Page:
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    Re: Russian Nuclear Submarine Force: Discussion

    Post  Big_Gazza on Thu Dec 31, 2015 2:52 am

    artjomh wrote:
    TheArmenian wrote:Status of every single Russian Nuclear Submarine:

    http://eagle-rost.livejournal.com/592457.html

    Deep Storm is an amazing website.

    Agreed 100%, but exceptionally frustrating for us non-Russian speakers... The pages are graphics rather than text, so we can't even copy and paste into a translator... Oh, the pain...

    Yes, I need to learn to read Russian, but #$%& I'm 50 and a grumpy old Engineer who has enough to do as it is... Very Happy

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    Re: Russian Nuclear Submarine Force: Discussion

    Post  Big_Gazza on Thu Dec 31, 2015 3:03 am

    TheArmenian wrote:Status of every single Russian Nuclear Submarine:

    http://eagle-rost.livejournal.com/592457.html

    If one takes this list at face value and assumes that current in-service units still have significant service life remaining, by 2020 the Russian nuclear sub fleet would comprise of:

    SSBN
    Project 955/955A: 7-8
    Project 667BDRM: 6
    Project 667BDR: 1-3 (assuming some retirements)

    SSGN/SSN
    Project 855/855A: 5-6
    Project 949A: 8
    Project 971: 10
    Project 945/945A: 4
    Project 671RTMK 1-4 (assuming some retirements)

    This is vastly more optimistic than I had expected, particularly given a decent number of 949A/971 will undergo deep modernisation, and is certainly not the doom & gloom scenario that our sh!t-eating MSM media like to throw around.

    I expect that actual delivery schedules will blow out to the right (as they always do in just about any human endeavour) but it is encouraging. russia

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    Re: Russian Nuclear Submarine Force: Discussion

    Post  Svyatoslavich on Thu Dec 31, 2015 3:10 am

    Big_Gazza wrote:
    artjomh wrote:
    TheArmenian wrote:Status of every single Russian Nuclear Submarine:

    http://eagle-rost.livejournal.com/592457.html

    Deep Storm is an amazing website.

    Agreed 100%, but exceptionally frustrating for us non-Russian speakers...  The pages are graphics rather than text, so we can't even copy and paste into a translator...  Oh, the pain...

    Yes, I need to learn to read Russian, but #$%& I'm 50 and a grumpy old Engineer who has enough to do as it is...  Very Happy
    Learn to read in Russian is not difficult. Many people get scared of the alphabet, but it is really easy and very phonetic. Declensions can be a pain if you need to write or (worse) speak in Russian, but quite transparent when reading. Go for it, in a few months you will be already reading some simple texts like short news.

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    Pacific Nuclear Sub Force

    Post  slasher on Sat Mar 05, 2016 1:33 am

    This article's from May last year. Anyone can say what's the status of these four subs?

    http://vpk-news.ru/news/25314

    I've read that Tomsk has returned to service but little info on how the repairs on others are progressing.
    Thought I saw recently too that Ryazan completed repairs but can't seem to find any confirmation.

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    Re: Russian Nuclear Submarine Force: Discussion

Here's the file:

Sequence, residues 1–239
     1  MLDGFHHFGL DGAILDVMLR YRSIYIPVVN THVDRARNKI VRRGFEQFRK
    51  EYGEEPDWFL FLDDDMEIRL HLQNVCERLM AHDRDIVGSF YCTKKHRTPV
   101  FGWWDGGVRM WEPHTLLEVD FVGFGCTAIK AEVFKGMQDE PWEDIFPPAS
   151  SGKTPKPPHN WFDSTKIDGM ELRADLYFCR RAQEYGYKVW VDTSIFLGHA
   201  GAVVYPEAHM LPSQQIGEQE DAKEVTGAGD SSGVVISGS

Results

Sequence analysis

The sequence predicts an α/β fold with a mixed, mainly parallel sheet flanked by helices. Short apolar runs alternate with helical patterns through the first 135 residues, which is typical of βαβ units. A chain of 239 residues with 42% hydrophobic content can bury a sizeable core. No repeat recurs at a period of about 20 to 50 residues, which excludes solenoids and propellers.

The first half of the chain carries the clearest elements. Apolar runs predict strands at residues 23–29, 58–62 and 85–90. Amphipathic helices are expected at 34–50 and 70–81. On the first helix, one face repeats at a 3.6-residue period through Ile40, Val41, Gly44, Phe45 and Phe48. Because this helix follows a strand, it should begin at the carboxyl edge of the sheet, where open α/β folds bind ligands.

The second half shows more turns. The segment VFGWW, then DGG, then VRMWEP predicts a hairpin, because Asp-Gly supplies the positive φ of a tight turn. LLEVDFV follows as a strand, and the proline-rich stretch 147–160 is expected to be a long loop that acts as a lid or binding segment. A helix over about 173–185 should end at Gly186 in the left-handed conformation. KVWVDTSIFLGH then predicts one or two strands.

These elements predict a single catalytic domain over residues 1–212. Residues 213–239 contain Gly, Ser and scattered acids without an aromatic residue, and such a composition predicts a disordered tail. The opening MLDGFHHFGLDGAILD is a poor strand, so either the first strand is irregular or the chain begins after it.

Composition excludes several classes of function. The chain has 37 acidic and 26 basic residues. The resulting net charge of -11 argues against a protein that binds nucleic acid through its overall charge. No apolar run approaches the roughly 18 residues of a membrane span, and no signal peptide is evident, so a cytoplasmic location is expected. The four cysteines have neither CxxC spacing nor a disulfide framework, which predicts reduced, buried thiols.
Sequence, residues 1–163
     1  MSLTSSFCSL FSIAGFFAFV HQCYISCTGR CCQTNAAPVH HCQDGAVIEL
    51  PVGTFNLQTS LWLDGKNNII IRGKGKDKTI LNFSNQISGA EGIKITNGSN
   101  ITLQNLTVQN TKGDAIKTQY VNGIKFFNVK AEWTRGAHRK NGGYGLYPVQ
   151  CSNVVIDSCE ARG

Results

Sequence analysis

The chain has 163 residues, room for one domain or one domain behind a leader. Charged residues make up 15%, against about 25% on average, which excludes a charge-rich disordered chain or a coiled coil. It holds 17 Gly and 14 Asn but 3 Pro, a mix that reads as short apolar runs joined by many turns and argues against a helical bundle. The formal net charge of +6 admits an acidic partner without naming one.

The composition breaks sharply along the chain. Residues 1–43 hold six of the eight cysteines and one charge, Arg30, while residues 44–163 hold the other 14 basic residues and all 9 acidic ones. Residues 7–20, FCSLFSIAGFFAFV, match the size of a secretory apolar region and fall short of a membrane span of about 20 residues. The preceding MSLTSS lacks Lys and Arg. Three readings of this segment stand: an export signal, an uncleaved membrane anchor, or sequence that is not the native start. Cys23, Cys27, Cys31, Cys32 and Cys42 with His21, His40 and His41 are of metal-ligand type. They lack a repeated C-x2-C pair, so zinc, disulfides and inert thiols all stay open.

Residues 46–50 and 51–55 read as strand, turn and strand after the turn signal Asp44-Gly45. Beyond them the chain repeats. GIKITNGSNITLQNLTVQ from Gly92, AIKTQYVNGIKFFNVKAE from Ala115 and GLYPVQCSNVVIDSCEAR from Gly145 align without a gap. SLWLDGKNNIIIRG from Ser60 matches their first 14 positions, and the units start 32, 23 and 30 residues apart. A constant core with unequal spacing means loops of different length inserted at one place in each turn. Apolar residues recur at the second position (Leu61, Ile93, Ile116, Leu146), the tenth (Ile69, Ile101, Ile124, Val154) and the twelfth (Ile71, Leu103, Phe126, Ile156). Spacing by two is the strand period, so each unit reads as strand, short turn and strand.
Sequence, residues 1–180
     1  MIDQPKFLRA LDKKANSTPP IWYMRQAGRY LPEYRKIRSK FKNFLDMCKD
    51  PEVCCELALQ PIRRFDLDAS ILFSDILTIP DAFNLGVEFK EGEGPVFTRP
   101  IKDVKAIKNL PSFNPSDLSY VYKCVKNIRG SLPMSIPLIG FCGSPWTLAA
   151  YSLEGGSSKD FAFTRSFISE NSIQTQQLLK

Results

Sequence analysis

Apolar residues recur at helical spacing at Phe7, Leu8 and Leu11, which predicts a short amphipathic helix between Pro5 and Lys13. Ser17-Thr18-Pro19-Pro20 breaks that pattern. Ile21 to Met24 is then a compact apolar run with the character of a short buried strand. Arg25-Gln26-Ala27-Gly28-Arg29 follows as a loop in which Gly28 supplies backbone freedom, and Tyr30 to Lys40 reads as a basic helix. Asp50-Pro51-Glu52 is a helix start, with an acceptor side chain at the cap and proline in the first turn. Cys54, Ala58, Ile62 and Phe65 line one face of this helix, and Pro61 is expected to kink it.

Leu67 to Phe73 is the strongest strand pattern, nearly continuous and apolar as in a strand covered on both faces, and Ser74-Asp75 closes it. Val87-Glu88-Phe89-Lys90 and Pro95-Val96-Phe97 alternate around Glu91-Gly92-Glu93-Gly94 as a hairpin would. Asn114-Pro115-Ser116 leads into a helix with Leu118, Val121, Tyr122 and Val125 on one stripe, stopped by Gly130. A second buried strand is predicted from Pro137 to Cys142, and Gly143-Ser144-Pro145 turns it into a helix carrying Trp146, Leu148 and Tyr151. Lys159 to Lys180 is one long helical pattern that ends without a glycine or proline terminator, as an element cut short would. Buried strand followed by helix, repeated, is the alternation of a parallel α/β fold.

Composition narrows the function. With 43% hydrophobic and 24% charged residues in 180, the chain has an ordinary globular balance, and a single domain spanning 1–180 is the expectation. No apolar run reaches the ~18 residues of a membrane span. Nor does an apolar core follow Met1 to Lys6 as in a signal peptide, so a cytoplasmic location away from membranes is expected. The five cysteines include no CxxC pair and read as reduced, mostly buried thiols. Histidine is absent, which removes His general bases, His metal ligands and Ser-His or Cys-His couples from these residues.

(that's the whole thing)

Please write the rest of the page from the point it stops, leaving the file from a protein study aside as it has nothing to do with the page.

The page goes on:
Post  slasher on Tue Mar 08, 2016 1:56 am

    ^^^ Okay some news on one of these four:

    https://rbth.com/news/2016/03/07/upgraded-kuzbass-nuclear-sub-to-join-pacific-fleet-in-march_573655

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    Re: Russian Nuclear Submarine Force: Discussion

    Post  nastle77 on Wed Mar 16, 2016 7:28 am

    Was the Victor II class submarine equipped with type 65 21 inch ASuW torpedoes ? or any Asuw torpedoes ?

    Also the SSN-16 Stallion was a dual role weapon ? ASuw and ASW?
    RPK-6 Vodopad (Russian: РПК-6 Водопад, "waterfall") is a Soviet 533 mm anti-ship missile deployed operationally since 1981.[1]

    RPK-7 Veter (Russian: РПК-7 Ветер, "wind") is a 650 mm version, deployed operationally since 1984.[1]

    Both missiles are given the same United States Navy designation SS-N-16 and NATO designation Stallion.[1]

    Both missiles are torpedo-tube launched, with a solid-fuel rocket engine to power them above the surface

    Did it have the same range in the ASW and Asuw role ?

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    Re: Russian Nuclear Submarine Force: Discussion

    Post  artjomh on Wed Mar 16, 2016 1:17 pm

    nastle77 wrote:Was the Victor II class submarine equipped with type 65 21 inch ASuW torpedoes ? or any Asuw torpedoes ?

    It had 2 x 650 mm torpedo tubes for 65-76 torpedoes. No 650 mm rocket-torpedoes, only Vodopad (which is 533 mm)

    Also the SSN-16 Stallion was a dual role weapon ? ASuw and ASW?

    RPK-6 had two types of warhead stage: a torpedo and a depth charge. So, in a way, it was a dual-role system, but it couldn't be used for both at the same time, the two versions were in fact separate weapons.

    That being said, RPK-6 was designed as an anti-submarine weapon, so using the torpedo in anti-shipping role would be cross-purpose and likely require complete reprogramming of its search programme.

    Did it have the same range in the ASW and Asuw role ?

    Depends on how you count it.

    The rocket stage was the in both versions. Exact range is classified, but various sources give the range between 35 and 50 km. The depth charge warhead was, obviously, completely unguided. The torpedo version, on the other hand, had propulsion of its own, and could travel an extra 8 km. However, practically, the torpedo was programmed to travel in a circular descending pattern, searching for the enemy submarine.

    Like I said before, while RPK-6 had a torpedo head, it was not designed for action against enemy surface ships, and it would be highly unlikely that it would every be re-programmed for that kind of operation.